Diego, what did you want to explore the most about Cassian and his past?
DIEGO: How far can someone be from learning he could be a tool of change? How far can you be from that and still find your way into acknowledging that you are capable of big stuff, you know? Like, I think it was that. It was like, how far can we find Cassian? You know, you see the guy in the first episode and you don’t see any possibility of that happening, you know. That to me gives me hope, you know, in the world we live in, you know. If that’s possible, anyone can do something, you know. We can all find what we are capable of and it’s about the reference, it’s about what we find and the people we meet in our journey. And I always thought of him as a character that has been forced to move therefore he brings a pain that he’s carrying that is making him very cynical about life, you know. And exploring that person and then finding a way to get the clarity of someone that suddenly starts believing, you know, that goes through a process of acknowledging that articulating something in community can give you enough strength to be useful and to bring change, you know. I thought that story matters too much. It’s a story I would like to tell to my kids, you know, to my friends. It’s a story I would like to see as audience, you know. Again, that’s why we have to be so real because it doesn’t matter, we pretend to be in a galaxy far, far away. This story matters today in the world we live in, you know. Otherwise, I wouldn’t care and I always saw this potential in this story.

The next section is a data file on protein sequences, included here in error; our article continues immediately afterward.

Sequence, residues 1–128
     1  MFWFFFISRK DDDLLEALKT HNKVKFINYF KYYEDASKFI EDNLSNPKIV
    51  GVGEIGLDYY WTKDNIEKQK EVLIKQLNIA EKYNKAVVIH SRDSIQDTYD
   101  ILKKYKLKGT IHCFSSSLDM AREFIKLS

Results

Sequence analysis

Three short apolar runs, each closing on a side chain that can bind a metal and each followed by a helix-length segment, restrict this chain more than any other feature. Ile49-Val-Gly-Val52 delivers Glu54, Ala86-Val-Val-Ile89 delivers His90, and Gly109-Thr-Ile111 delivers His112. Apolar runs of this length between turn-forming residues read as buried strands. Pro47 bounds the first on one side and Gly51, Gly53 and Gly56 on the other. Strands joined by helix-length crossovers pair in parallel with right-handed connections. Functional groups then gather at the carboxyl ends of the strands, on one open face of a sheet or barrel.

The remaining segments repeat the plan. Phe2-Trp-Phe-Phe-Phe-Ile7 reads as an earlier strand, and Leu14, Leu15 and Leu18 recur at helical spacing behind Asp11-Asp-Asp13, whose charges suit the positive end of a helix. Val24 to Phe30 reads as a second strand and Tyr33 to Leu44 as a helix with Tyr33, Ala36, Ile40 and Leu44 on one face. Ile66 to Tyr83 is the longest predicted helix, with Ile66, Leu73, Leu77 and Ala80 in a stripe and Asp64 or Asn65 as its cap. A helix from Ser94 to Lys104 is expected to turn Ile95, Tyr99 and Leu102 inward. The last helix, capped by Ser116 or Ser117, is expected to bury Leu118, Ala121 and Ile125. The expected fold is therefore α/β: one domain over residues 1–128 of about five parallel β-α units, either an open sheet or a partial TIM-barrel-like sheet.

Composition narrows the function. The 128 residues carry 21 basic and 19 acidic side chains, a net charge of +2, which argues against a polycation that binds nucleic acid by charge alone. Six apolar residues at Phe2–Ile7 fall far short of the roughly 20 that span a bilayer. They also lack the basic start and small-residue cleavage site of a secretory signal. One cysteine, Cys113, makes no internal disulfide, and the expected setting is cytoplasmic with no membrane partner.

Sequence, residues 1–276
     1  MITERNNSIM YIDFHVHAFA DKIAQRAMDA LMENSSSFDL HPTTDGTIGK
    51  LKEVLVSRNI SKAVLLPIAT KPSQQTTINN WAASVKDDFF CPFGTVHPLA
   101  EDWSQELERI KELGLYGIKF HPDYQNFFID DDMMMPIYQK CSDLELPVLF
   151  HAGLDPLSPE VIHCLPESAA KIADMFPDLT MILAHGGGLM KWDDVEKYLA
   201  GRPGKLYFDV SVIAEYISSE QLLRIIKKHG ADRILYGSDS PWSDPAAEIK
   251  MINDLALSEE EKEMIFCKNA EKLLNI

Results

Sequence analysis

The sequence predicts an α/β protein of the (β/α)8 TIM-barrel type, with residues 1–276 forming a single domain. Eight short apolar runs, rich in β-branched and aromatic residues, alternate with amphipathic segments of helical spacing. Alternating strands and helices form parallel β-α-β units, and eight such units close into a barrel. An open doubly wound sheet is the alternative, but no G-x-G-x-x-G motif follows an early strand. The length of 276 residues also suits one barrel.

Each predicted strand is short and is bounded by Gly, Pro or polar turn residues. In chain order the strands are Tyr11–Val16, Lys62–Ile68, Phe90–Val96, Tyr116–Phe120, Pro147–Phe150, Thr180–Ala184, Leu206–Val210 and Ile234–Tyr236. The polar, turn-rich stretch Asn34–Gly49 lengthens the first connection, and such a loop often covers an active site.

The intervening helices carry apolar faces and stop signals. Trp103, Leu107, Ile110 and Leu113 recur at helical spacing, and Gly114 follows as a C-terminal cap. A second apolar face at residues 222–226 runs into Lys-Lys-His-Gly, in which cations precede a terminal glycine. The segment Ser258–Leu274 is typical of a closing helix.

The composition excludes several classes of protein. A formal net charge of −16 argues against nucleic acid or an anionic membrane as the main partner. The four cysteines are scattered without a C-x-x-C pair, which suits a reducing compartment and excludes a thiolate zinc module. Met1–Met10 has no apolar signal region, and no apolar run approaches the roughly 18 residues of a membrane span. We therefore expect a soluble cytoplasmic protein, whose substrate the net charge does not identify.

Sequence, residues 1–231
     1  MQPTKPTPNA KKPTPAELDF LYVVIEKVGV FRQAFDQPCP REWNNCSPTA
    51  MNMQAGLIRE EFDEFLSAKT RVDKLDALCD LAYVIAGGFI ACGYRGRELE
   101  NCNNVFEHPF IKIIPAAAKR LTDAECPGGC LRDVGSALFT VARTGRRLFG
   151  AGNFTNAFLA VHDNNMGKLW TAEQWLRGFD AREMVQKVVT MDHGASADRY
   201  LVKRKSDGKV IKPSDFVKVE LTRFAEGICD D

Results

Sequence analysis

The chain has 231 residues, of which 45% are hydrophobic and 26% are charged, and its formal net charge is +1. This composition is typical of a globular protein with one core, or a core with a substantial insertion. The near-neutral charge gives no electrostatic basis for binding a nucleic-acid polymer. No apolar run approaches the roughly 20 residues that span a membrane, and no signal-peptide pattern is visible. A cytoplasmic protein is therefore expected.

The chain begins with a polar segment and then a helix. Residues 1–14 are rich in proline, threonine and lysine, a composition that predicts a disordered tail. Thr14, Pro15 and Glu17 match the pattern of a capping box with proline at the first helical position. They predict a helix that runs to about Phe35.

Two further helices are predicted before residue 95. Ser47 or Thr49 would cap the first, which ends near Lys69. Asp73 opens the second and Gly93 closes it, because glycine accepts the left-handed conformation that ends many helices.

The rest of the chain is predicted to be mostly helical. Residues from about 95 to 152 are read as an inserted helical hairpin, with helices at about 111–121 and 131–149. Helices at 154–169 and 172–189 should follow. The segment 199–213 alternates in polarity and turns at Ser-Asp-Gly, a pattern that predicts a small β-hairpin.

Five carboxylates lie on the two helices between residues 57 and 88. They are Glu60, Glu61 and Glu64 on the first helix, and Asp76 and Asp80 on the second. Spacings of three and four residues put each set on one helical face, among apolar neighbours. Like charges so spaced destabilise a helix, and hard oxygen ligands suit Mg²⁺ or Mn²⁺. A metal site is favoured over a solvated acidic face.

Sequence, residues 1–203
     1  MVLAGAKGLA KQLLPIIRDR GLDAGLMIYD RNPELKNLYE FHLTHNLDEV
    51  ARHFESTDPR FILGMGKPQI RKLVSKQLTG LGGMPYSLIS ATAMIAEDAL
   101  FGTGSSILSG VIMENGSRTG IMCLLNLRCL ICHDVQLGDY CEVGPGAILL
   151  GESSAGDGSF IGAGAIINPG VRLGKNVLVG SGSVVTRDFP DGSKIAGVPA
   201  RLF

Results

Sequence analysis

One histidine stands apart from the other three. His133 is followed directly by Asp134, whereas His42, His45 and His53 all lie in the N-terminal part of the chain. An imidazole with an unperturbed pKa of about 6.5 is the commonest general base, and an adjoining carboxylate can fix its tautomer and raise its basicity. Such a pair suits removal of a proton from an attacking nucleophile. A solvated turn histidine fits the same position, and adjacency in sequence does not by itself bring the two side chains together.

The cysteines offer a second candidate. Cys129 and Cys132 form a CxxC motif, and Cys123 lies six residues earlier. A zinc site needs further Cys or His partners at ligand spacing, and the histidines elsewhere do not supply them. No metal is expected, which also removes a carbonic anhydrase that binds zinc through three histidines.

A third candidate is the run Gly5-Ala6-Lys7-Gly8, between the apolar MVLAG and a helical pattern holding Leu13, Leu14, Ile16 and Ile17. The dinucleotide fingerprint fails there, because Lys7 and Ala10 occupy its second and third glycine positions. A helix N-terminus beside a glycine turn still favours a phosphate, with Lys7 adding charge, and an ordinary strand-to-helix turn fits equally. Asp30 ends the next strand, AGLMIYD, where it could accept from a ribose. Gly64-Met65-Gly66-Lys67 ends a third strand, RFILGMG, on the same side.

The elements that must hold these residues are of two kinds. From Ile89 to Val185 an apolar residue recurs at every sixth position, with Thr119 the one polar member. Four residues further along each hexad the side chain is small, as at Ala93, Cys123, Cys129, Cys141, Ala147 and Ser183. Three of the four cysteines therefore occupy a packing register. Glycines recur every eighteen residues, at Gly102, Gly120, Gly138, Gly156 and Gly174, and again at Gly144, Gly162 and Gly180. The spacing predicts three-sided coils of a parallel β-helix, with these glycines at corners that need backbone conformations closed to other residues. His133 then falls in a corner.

Genevieve, having been part of both the prequels and now spin-offs like Rogue One and Andor, what’s the biggest difference that you see in this interpretation of Mon Mothma through different eras of Star Wars filmmaking?